By the '50s he was known as a director who could make a low budget look like it cost a lot more – a useful talent, but a dubious one when budgets and shooting schedules were getting tighter all the time. He was bounding from studio to producer and back again all over the decade, making swashbucklers (Mask of the Avenger, The Brigand) and westerns (The Texas Rangers, Gunman's Walk) and noirs (Tight Spot, 5 Against the House, The Phenix City Story). He directed the pilot for The Untouchables and was Harry Saltzman's first choice to direct Dr. No, but Karlson asked for too much money.
He made a film with Elvis (Kid Galahad) and two of Dean Martin's Matt Helm pictures (The Silencers and The Wrecking Crew); he made Ben, a thriller about a boy and his mouse in 1972, and had a huge hit with Walking Tall a year later, making a fortune thanks to owning a big part of the percentage on the Joe Don Baker smash. He retired with Framed, another Baker picture two years later, and died in 1982. It took four decades, but Phil Karlson finally got out of Hollywood what he put into it.
By the time Ernie finds his wife's body in the back of his cab, Linda has come back to him, pleading for forgiveness – she's even quit the play to help assuage her guilt. This makes her the only person, besides Stan at the cab company, who has his back while he tries to find Pauline's killer. Searching Victor's apartment, Ernie is blindsided by Mickey (evergreen film heavy Jack Lambert), Christopher's muscle, who thought he could cut a side deal with Victor after his boss turned the jewels down.
The henchman makes the mistake of provoking the slugger with slaps and punches, finally winding him up to where Ernie explodes at the gunman, boxing him all over the apartment before getting the info that his wife's killer planned to sneak out of the country on a freighter leaving from New Jersey. Karlson's camera hungrily takes in the violence with the same lack of restraint that it ogled Pauline.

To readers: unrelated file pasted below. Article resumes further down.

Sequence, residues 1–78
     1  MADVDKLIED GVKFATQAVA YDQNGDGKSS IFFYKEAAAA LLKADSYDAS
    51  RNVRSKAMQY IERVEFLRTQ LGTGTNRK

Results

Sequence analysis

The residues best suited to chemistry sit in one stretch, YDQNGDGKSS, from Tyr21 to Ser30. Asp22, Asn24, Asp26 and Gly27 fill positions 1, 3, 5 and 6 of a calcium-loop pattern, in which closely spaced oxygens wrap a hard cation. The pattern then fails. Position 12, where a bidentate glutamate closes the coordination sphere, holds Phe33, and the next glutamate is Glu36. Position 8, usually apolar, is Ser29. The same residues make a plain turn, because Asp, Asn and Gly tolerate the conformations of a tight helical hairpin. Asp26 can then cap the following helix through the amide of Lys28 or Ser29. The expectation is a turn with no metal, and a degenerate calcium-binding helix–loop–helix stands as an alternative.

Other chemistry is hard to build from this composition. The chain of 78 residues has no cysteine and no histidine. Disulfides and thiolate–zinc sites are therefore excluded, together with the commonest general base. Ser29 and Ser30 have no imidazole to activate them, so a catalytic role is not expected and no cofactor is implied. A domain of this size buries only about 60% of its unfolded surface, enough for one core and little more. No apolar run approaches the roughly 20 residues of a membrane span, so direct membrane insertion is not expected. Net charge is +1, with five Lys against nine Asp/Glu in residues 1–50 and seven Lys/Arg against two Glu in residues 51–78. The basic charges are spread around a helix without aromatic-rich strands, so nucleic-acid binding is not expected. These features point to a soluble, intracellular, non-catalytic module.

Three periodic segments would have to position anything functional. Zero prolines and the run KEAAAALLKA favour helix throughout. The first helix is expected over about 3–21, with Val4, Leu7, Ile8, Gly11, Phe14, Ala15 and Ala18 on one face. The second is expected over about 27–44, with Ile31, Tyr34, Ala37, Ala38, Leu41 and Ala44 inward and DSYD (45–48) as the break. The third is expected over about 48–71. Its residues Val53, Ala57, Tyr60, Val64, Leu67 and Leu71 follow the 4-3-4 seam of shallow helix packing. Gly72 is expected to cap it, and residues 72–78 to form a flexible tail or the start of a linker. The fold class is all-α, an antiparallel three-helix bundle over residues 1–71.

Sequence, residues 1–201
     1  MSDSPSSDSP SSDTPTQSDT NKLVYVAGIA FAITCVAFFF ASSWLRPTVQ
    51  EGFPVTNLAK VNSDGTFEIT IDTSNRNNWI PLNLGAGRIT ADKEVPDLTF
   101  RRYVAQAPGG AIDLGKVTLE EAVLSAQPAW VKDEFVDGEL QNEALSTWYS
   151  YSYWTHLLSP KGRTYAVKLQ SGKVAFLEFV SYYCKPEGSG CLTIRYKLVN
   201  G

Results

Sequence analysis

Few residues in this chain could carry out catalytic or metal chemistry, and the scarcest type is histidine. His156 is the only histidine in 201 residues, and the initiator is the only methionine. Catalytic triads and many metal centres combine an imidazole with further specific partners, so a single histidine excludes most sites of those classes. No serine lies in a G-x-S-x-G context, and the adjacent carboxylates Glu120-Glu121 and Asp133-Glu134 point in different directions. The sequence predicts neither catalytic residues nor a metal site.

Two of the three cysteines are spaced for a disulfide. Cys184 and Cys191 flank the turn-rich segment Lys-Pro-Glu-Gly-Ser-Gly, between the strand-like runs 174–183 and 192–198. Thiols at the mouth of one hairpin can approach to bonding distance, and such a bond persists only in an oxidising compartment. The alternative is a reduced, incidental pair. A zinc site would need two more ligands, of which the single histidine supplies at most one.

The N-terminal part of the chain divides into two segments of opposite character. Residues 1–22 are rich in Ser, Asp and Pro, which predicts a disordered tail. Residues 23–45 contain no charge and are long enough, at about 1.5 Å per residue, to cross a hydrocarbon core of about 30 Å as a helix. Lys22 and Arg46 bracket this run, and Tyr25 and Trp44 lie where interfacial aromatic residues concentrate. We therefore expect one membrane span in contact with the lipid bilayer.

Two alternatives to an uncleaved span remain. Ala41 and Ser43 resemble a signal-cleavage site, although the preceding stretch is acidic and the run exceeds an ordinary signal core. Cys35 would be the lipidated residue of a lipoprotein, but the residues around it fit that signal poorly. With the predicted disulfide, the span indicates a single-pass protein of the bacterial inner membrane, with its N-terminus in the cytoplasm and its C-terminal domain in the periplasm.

While Stan leans on other taxi dispatchers for info on fares going across the Hudson, Ernie and Linda try and stay ahead of both the police and Christopher, who wants his money back. They end up tracking Victor down to a waterfront bar, but Linda gets in ahead of Ernie, and sets about putting on the performance of her life as a soused barfly looking for a good time, hoping to lure Victor out into the street where Ernie can confront him, not knowing that Christopher and Mickey are out there as well.
At this point everyone who isn't dead is desperate – for money, for escape, for vindication, for forgiveness. It's a zero-sum kind of world, and a specialty of Karlson's. Writing about the director on the Senses of Cinema blog, Wheeler Winston Dixon describes it as "a truly bleak vision of American society ... a world where everything is for sale, where no one can be trusted, where all authority is corrupt, and honest men and women have no one to turn to but themselves if they want any measure of justice."
Even if you found Linda's histrionics in the theatre scene earlier a bit overcooked, Keyes really pulls out the stops in the bar, dancing to the jukebox and pouring on the slatternly charm for the reptilian Victor. Her brittle, needy aspiring actress turns into a great performer just when she needs to, and she just manages to get Victor outside – where Christopher and Mickey are waiting.
The climax is more than a little evocative of the chase through the dockside warehouses of New Orleans in Elia Kazan's Panic in the Streets three years earlier; Ernie manages to get clear of Christopher and Mickey but Victor puts a slug in him before sprinting for the waiting freighter. The wounded boxer struggles against the pain and loss of blood and corners the killer on the gangplank. Even more than with Mickey's beatdown, Karlson and editor Buddy Small really sell the violence you'd expect from a prizefighter unrestrained by the rules of the ring. Ernie rains down blows on Victor high above the dock and the water, a cathartic explosion of rage that would rarely be seen in movies until directors like Martin Scorsese took up Karlson's torch.
A more perfect version of 99 River Street would end there, but there's a coda that feels tacked on, with Ernie now married to Linda, co-owners of the gas station that was his dream, Broadway obviously left behind for her. Perhaps it was added without Karlson's cooperation, but worldview aside, the director was a professional who knew what to do to keep working. But while a compromised ending might be fitting to a film set in a compromised world, viewers will want to be ready with their remote to make their own hard edit at the end of the last fight.